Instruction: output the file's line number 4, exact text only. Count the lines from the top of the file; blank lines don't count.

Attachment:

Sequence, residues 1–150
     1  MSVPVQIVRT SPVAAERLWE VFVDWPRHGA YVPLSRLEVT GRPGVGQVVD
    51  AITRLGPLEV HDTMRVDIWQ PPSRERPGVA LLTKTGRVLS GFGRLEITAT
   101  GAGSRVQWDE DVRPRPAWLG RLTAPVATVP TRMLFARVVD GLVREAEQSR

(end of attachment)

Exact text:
   101  GAGSRVQWDE DVRPRPAWLG RLTAPVATVP TRMLFARVVD GLVREAEQSR